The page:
James Stewart wanted to quit acting before Its a Wonderful Life: Too frivolous

It's A Wonderful Life: HD trailer for 1946 classic Christmas film

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The Forties festive classic, which celebrates its 75th anniversary today, follows suicidal businessman George Bailey, who meets a guardian angel named Clarence. The angel decides to show George what the world would have been like if he was not born, in a bid to make him appreciate his life. Clarence shows George how he has touched the lives of his community and how different the life of his wife Mary and the town of Bedford Falls would be if he had not been born. 

It is now a staple Christmas film for families across the globe, however James, the film’s lead, almost quit acting before being cast as down-and-out businessman George.

The actor, who had found massive success a decade earlier, enlisted as a private in the Air Force after the US entered World War 2 in 1941 and attained several awards for his service while fighting in Europe.

When he returned to Hollywood, his experience in the war led him to believe the acting profession was “too frivolous” and considered quitting, according to the daughter of Donna Reed, who played George’s wife in It’s a Wonderful Life.

Speaking to Closer last year, Mary Anne Reed said: “I don’t like to mention this but Capra and Jimmy Stewart had this whole success together before the war with Mr Smith Goes to Washington and all of that. 

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“Everyone participated in the war effort, but especially those two and they were gone from Hollywood for four or five years. 

“There was a lot of insecurity on set, because Jimmy Stewart wasn’t sure if he wanted to act anymore. 

“He thought it was too frivolous, but Lionel Barrymore and others talked him into it.”

James was an established star when cast as George, having had his big breakthrough in the ensemble comedy ‘You Can’t Take It With You’ in 1938.

The following year he garnered his first of five Oscar nominations for his performance in ‘Mr Smith Goes to Hollywood.’ 

Then in 1940, he won the Best Actor Oscar for his work in the comedy ‘The Philadelphia Story’, which he starred in alongside Katharine Hepburn and Cary Grant.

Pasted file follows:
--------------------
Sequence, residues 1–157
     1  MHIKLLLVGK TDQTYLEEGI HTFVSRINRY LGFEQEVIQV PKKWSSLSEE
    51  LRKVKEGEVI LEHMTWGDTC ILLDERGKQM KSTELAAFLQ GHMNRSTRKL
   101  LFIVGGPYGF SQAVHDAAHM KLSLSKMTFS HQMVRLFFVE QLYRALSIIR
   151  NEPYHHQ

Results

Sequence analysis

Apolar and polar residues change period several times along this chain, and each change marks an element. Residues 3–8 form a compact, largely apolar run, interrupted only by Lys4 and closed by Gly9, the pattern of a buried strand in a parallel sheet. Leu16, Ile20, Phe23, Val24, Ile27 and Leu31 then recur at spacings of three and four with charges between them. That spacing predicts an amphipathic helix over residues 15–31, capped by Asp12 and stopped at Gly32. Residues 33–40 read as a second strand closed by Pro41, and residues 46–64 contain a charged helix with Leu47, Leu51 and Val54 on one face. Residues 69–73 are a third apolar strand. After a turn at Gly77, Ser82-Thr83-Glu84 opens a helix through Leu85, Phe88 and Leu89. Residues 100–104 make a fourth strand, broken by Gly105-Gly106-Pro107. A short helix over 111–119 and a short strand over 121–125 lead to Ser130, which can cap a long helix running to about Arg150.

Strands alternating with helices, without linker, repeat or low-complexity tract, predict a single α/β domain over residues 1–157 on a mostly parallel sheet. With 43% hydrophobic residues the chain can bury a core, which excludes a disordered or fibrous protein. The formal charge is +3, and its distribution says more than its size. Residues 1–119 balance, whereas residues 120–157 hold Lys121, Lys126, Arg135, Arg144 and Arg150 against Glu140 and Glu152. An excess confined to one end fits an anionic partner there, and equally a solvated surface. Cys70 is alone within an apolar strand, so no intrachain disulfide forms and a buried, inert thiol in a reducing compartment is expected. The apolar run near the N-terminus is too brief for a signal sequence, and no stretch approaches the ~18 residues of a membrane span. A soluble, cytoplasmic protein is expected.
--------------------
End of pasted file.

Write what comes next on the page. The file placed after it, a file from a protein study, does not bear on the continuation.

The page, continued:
However, despite It’s a Wonderful Life’s status as one of the great Christmas films, it flopped at the box office upon its release.

The film recorded a loss of $525,000 (£397,300) when it came out in 1946 and was deemed a failure until the Seventies. 

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In 1974, the studio did not renew Its a Wonderful Life’s copyright and the film became public domain, meaning that broadcasters could air it for free. 

After it was constantly played on television around Christmas, it soon cemented itself as a festive classic.

According to Mary Anne, James blamed co-star Donna Reed for the film’s initial failure.

She said: “So, there was this insecurity on set and mum was really not that well known.

“I mean she was 25 and I think she signed her MGM contract at 21.

“But still she didn’t understand why there was so much insecurity and then Jimmy Stewart couldn’t understand why the movie didn’t do well, but that’s why they never did another movie together.

“He blamed her because she wasn’t as well known. She was quite happy when it came out. 

“I mean, she passed away in ‘86 but by the early Eighties it was on constantly and we always watched at Christmas. 

“She was so happy it was so popular.”

Despite struggling at the box office, James received an Oscar nomination for his performance as George, and continued to act well into the Nineties. 

He also remained part of the Air Force Reserves until 1968 and was ultimately promoted to the rank of Major General in the Air Force retired list in 1985 by President Ronald Reagan.

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